When the Small Business Administration rolled out emergency coronavirus relief loans, most big banks were automatically eligible to participate as lenders. But community banks and nonprofit, mission-based lenders were excluded — and U.S. Rep. Dwight Evans (D., Pa.) wants to change that.
The Paycheck Protection Program, or PPP, was a $350 billion loan program tapped by small businesses around the country. It quickly ran out of money, and small businesses are seeking more funding.
“We are asking congressional leadership to mandate that lenders prioritize PPP loans for small businesses owned by minorities, women, veterans, and those in under-served and rural markets in the next stimulus package,” Evans wrote in a letter released Friday. “We are also asking that leadership set aside part of the PPP funding for smaller community lenders, such as credit unions and CDFIs,” or community development financial institutions.
PPP provides forgivable loans for small businesses to keep workers employed. SBA will forgive the loans if all employees are kept on the payroll for eight weeks and the money is used for payroll, rent, mortgage interest, or utilities. Many female- and minority-owned businesses have struggled getting such loans.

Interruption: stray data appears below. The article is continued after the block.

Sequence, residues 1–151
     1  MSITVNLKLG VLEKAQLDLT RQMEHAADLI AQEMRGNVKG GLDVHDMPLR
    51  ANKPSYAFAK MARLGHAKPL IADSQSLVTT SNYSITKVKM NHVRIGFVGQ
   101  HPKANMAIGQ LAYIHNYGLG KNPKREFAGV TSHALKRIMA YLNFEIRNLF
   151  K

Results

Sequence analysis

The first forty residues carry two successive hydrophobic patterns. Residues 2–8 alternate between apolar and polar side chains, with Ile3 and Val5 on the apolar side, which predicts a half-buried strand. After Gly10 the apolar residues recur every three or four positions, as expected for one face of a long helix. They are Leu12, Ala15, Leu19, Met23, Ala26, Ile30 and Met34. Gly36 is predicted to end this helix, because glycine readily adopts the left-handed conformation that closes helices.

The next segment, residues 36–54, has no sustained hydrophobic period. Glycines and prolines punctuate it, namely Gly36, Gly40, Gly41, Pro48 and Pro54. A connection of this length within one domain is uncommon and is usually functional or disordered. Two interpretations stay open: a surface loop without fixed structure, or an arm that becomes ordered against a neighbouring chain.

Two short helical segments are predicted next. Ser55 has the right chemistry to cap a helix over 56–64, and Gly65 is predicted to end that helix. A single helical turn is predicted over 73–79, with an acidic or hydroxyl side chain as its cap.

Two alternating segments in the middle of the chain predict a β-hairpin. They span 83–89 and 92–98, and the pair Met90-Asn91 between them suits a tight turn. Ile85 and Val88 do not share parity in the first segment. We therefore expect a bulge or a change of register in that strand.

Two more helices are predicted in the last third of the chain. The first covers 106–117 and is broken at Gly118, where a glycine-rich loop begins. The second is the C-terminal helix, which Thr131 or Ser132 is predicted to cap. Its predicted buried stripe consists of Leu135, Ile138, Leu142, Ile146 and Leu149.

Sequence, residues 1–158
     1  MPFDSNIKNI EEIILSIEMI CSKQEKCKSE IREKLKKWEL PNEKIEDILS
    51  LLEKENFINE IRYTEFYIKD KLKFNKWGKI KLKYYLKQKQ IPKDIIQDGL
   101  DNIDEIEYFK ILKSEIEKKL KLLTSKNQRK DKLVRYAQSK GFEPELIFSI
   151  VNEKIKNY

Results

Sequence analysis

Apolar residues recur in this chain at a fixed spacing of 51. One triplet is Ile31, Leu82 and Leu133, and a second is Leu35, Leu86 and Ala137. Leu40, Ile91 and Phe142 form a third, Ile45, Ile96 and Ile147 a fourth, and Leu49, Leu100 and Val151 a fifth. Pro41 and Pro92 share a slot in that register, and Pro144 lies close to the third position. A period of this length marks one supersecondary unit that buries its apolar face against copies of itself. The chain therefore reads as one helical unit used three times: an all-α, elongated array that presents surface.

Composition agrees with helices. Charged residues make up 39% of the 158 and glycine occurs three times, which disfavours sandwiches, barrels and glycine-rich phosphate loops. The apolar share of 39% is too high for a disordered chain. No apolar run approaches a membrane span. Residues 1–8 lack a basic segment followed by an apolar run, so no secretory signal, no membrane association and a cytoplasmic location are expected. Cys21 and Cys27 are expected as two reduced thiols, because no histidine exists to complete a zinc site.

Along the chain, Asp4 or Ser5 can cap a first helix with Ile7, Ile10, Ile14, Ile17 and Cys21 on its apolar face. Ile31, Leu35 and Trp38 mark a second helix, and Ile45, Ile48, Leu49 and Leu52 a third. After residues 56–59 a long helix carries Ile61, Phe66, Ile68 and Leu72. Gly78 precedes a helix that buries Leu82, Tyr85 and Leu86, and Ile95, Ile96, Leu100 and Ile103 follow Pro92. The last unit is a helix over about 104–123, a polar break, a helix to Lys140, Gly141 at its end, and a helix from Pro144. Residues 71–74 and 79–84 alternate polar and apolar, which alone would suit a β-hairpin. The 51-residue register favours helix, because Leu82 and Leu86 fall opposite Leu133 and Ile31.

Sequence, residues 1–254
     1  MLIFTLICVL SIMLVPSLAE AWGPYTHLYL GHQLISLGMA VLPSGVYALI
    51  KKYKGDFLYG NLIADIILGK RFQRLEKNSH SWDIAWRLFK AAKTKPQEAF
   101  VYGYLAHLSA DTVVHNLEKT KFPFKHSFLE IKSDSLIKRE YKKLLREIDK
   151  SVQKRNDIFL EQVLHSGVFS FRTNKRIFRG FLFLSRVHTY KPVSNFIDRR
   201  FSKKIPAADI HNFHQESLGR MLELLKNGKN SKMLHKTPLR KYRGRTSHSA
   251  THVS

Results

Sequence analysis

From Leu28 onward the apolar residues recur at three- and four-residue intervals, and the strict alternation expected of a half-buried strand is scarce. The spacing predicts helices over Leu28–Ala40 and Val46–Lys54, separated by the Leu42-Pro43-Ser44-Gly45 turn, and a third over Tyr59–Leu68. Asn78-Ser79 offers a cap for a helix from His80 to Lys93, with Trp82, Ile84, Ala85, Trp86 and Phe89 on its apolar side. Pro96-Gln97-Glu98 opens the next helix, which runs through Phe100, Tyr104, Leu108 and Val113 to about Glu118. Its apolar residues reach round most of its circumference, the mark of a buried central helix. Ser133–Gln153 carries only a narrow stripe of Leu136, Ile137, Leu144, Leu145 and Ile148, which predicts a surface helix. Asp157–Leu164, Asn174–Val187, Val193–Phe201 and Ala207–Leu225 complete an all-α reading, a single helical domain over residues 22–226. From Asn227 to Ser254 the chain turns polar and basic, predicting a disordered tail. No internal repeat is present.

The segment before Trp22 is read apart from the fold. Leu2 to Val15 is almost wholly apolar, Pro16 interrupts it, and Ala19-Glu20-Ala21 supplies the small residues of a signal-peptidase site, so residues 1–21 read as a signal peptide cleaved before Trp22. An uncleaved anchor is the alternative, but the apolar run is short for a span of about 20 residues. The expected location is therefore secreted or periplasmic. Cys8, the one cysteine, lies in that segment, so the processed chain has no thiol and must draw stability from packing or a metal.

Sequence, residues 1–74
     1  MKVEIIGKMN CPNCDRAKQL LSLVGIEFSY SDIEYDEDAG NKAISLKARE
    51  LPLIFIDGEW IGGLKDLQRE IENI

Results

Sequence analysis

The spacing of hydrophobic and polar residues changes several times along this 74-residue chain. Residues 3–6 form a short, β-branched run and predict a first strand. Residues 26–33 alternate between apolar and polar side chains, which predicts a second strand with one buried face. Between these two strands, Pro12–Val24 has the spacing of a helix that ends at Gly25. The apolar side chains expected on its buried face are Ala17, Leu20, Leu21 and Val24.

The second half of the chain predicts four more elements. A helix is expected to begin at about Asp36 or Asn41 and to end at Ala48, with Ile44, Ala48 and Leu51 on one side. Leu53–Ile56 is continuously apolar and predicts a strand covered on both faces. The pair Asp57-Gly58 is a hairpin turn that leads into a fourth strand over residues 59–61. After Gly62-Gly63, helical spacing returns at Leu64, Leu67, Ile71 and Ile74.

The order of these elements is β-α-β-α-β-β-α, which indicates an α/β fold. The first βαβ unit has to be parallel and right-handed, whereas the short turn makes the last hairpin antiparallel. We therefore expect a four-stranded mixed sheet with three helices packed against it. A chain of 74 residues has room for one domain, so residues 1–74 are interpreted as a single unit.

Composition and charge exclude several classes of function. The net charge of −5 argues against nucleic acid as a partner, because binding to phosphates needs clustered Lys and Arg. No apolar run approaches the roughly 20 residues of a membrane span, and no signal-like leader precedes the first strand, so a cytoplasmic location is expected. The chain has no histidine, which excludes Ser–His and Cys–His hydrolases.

Maura Shenker, director of Temple’s Small Business Development Center, noted that “community development financial institutions are already SBA micro-lenders, and they have the relationships with the smaller, underserved minority and disadvantaged businesses.
“But they aren’t allowed to be PPP lenders,” she said. “That was a mistake, and now we’re seeing the consequences of that decision.”
The overarching coronavirus economic rescue package said the SBA should provide guidance to PPP lenders and agents to “ensure that the processing and disbursement of covered loans prioritizes small-business concerns,” Evans wrote. But the SBA still has not issued this guidance to lenders, he said.
Only a few CDFIs have been able to lend money in Philadelphia to women and minorities — among them the Women’s Opportunity Resource Center, according to its director, Lynne Cutler.
“We are reaching women and minority businesses; it is a lifeline for them,” she added. “More mission-based lenders should be able to do these. We know our customers and can reach small businesses.”
Among WORC recipients were female and minority business owners who received PPP funding: Amber Cureton, owner of Perfect Choice Cleaning Services; Danielle Ruttenberg, co-owner with Rebecca Davies of Remark Glass in South Philadelphia; Shasnettay Warner, owner of Tiny Tech Learning Lab, a day-care center in West Oak Lane; Shanthy Brown, who owns Brown Eye Care, an optometry clinic in Germantown; and Tyisha Beckham, owner of Noire LLC hair salon in South Philadelphia.